Notable specs: 1.1GHz Pentium M processor, 20GB hard drive, 1.73-pound weight, 10-inch (1,024 x 768) display.
Sony didn't realize it at the time, but it was laying the groundwork for the next decade of laptops with the VAIO X505. The 10-inch system was so feather-light and slender that it was easy to take anywhere, much like a netbook or Ultrabook; if it weren't for the astronomical $2,999 price tag, it would have started a mobile computing revolution.
Notable specs: 1.6GHz to 2.13GHz Pentium M processors, 30GB or 40GB hard drive, 6-pound weight, DVD drive, 14.1-inch (1,024 x 768 or 1,400 x 1,050) display.
The ThinkPad T43 was the swan song for an era of computing when laptops were primarily for globetrotting professionals. One of the last PCs to bear the IBM name before Lenovo closed its acquisition of IBM's PC business, it represented everything good about the ThinkPad badge: it was fast, well-built and relatively easy to carry in a briefcase.
Notable specs: Core 2 Duo or Core 2 Extreme processors, dual 320GB hard drives, dual DVD drives, dual GeForce 7900 GTX graphics.
Dell had built up a reputation for high-performance PCs well before 2006, but the XPS 700 was the system to own that year if you wanted a gaming desktop from a major brand. Its aggressive design still holds up today, and it was often as powerful as custom-built rigs. It was a dream machine at a time when serious gaming usually required a giant tower.
Notable specs: 800MHz or 900MHz Celeron M processors, 2GB to 8GB solid-state drives, 2-pound weight, 7-inch (800 x 480) display.
The Eee PC 701 marked the official start of the netbook craze, which lasted until the iPad's arrival in 2010. Its screen, speed and storage were very modest even when new, but it showed that you didn't need a big, expensive portable just to check your email at the coffee shop.
Notable specs: 1.6GHz or 1.8GHz Core 2 Duo processors, 80GB hard drive or 64GB solid-state drive, 3-pound weight, 13.3-inch (1,280 x 800) display.
The archetypal Ultrabook. While it wasn't without its quirks, the MacBook Air successfully bridged the gap between ultraportables and full laptops; it was fast enough for most tasks, but light enough that you'd hardly notice it in your bag.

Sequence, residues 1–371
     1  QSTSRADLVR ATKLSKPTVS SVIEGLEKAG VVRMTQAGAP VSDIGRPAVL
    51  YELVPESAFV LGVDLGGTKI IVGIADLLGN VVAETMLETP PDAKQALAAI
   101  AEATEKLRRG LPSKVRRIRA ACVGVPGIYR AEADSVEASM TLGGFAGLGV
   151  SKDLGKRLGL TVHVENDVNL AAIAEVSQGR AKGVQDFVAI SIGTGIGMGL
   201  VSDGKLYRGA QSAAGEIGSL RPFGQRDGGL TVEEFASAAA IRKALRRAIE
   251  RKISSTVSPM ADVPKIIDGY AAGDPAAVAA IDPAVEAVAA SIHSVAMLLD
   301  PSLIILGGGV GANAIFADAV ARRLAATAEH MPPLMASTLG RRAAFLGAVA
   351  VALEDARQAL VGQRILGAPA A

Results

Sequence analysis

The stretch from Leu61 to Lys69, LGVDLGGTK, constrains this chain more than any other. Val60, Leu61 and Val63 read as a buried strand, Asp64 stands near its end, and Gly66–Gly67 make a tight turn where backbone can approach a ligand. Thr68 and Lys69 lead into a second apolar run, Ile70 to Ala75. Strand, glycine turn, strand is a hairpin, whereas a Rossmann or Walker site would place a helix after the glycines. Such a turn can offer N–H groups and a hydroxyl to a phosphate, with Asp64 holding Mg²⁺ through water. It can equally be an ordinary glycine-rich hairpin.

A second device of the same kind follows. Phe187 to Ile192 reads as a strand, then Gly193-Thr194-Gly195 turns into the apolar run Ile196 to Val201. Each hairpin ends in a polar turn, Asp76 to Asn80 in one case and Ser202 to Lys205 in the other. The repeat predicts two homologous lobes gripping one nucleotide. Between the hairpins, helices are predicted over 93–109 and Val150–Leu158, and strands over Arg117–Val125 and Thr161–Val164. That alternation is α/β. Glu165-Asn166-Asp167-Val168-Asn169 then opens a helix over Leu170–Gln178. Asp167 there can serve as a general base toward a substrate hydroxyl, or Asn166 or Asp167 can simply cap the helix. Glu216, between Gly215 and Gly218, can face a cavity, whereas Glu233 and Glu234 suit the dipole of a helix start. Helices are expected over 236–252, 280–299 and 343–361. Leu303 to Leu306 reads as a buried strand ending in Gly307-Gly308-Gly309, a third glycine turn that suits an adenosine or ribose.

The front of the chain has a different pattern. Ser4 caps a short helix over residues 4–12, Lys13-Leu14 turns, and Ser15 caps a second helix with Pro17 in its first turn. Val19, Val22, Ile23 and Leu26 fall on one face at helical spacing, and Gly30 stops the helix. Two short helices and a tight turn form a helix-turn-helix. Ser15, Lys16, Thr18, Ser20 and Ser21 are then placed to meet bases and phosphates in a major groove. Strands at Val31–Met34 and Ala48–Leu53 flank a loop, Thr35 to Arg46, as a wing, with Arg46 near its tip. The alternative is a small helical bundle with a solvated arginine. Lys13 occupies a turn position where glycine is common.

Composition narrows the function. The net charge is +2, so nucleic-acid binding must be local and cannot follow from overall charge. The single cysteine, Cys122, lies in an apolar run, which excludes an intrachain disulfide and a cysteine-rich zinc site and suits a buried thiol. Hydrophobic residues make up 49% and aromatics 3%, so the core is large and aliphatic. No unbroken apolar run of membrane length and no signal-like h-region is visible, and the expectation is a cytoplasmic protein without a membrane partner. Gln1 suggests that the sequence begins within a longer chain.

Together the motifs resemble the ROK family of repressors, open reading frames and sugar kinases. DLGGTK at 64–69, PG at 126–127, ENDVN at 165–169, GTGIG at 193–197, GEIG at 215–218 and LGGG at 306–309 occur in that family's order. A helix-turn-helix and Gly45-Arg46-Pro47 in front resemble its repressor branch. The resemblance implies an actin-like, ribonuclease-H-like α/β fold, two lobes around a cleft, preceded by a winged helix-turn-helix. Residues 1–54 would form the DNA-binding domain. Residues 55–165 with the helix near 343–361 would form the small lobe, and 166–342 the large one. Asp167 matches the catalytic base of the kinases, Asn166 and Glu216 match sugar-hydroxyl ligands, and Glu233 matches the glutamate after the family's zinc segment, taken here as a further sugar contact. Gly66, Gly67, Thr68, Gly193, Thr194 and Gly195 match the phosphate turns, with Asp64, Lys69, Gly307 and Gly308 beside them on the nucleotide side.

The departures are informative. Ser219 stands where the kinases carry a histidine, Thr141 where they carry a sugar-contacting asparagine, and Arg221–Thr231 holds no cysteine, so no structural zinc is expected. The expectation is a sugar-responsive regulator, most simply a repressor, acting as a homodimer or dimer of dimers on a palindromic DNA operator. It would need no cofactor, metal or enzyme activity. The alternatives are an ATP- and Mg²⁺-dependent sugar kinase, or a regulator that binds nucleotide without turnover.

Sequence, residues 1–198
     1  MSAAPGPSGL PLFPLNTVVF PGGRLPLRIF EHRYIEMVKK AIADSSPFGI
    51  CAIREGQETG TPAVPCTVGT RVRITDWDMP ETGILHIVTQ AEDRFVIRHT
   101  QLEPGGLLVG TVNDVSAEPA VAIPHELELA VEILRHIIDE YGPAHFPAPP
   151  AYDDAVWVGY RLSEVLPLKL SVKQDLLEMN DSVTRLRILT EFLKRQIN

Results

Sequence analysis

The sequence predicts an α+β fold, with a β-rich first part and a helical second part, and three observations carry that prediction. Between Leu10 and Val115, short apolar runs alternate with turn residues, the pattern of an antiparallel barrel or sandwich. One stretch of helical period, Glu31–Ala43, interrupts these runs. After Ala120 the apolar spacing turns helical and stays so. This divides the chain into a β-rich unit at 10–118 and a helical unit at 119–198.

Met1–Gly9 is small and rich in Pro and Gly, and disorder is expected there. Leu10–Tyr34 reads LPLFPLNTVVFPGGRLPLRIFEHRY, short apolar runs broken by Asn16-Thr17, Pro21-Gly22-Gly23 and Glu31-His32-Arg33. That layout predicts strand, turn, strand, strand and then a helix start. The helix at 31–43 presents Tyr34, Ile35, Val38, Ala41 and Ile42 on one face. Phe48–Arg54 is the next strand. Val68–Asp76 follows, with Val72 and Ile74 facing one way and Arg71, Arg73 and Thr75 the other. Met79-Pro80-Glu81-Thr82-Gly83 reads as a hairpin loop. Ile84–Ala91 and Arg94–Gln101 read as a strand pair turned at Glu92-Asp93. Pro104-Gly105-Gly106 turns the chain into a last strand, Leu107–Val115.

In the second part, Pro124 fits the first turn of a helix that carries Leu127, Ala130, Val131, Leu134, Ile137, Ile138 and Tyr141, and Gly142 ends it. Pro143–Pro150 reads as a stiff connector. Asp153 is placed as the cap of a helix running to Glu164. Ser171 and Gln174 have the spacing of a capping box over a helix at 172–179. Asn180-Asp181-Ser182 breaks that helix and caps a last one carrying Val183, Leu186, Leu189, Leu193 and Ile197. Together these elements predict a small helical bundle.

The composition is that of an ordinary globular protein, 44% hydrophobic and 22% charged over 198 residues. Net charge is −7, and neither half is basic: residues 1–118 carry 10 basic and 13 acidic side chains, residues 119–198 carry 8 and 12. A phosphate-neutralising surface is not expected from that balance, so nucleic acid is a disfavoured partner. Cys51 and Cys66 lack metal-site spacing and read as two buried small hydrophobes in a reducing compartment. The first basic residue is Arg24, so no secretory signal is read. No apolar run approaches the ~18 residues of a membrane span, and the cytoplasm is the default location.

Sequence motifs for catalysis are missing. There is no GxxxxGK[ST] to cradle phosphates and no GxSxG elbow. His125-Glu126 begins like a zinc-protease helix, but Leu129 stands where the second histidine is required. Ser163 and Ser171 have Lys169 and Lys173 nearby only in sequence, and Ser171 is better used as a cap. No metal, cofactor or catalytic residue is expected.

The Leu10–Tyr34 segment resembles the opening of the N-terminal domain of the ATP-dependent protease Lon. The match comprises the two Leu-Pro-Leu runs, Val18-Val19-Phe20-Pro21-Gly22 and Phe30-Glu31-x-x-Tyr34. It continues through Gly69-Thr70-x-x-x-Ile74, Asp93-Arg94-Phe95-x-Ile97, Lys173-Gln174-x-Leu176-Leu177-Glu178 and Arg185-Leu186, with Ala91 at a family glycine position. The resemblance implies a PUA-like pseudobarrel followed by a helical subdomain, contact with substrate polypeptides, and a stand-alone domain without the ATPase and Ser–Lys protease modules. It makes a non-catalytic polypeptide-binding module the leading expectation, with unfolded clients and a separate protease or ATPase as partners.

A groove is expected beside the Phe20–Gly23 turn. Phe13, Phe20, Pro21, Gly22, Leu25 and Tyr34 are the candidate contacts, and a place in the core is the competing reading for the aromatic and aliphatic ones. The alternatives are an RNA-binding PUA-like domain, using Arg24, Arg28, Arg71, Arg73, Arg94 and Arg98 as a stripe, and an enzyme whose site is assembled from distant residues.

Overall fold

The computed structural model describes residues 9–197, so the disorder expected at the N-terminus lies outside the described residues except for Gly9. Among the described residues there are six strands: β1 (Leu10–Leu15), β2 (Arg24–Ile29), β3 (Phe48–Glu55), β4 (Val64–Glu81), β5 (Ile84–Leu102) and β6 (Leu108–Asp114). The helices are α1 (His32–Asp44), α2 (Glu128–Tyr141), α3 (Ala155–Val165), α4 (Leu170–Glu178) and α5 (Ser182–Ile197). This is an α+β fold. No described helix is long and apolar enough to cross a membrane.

Notable specs: 2.66GHz or 2.83GHz Core 2 Quad processors, dual 250GB or 320GB hard drives, DVD or Blu-ray drives, dual GeForce 9800S graphics.
While HP's Firebird line wasn't perfect by any stretch, it showed how efficient desktops had become; you could get a reasonably quick, ready-made gaming PC that both looked good and didn't swallow up too much surface area. It's arguably the prototype for the small-yet-strong Steam Machines that would follow five years later.
Notable specs: 2.2GHz Core 2 Duo processor, 500GB hard drive, 21.5-inch (1,920 x 1,080) display.
Although the iMac is virtually synonymous with all-in-one computers, Lenovo's sleekly designed IdeaCentre A300 was proof that Apple didn't have a complete lock on the category. Rather than glom the computer on to the A300's back, Lenovo put it in the base; the A300 looked like it was simply an attractive desktop display, and fit into just about any environment.
Notable specs: 1.66GHz Atom processor, 16GB solid-state drive, 3.3-pound weight, 12.1-inch (1,280 x 800) display.
Unlike the other PCs here, the Chromebook Series 5's real revolution was its software -- with Chrome OS, both Google and Samsung were betting that you only needed a web browser for most of your day-to-day computing. That was optimistic on a slow, Atom-based machine circa 2011, but the Series 5 helped launch a wave of stripped-down, affordable laptops that could do a lot without relying on conventional apps.
Notable specs: 2.3GHz or 2.6GHz Core i7 processors, 256GB to 768GB solid-state drives, 4.5-pound weight, 15.4-inch (2,880 x 1,800) display.
Apple's 2012 MacBook Pro redesign was just an iterative upgrade in some ways, but it was also a bellwether for where laptop design would go. It's not just that extra-sharp Retina display; it was also one of the first high-end, full-size laptops to ditch both optical discs and hard drives in the name of both an easier-to-carry body and faster, flash-based storage.
Notable specs: 1.8GHz Core i5 processor, 500GB hybrid hard drive, 15.6-inch (1,920 x 1,080) adjustable display.
Windows 8's touch-friendly prompted a flood of PCs that tried to be everything to everyone, and that's epitomized in Acer's one-of-a-kind Aspire R7. Depending on the position of the display, the R7 could serve as a desktop, laptop or tablet. It wasn't especially good at any of these, but it revealed how nervous PC makers were about losing business to mobile devices.
Notable specs: Core i3, i5 or i7 processor, 64GB to 512GB solid-state drive, 12-inch (2,160 x 1,440) display.
If you want a shining symbol of how much PCs have changed in the past 10 years, you only need to look at Microsoft's latest flagship device, the Surface Pro 3. So long as you get its (practically mandatory) keyboard cover, it blurs the lines between tablet and laptop -- it's as useful for watching movies on the couch as it is for heavy-duty media editing on your desk.